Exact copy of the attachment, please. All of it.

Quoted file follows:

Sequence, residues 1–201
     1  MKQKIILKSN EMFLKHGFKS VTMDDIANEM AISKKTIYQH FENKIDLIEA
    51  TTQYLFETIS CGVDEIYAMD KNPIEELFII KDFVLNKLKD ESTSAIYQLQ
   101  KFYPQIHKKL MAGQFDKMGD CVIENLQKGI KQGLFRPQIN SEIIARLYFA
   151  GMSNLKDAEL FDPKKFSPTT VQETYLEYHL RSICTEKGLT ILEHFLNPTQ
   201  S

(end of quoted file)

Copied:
Sequence, residues 1–201
     1  MKQKIILKSN EMFLKHGFKS VTMDDIANEM AISKKTIYQH FENKIDLIEA
    51  TTQYLFETIS CGVDEIYAMD KNPIEELFII KDFVLNKLKD ESTSAIYQLQ
   101  KFYPQIHKKL MAGQFDKMGD CVIENLQKGI KQGLFRPQIN SEIIARLYFA
   151  GMSNLKDAEL FDPKKFSPTT VQETYLEYHL RSICTEKGLT ILEHFLNPTQ
   201  S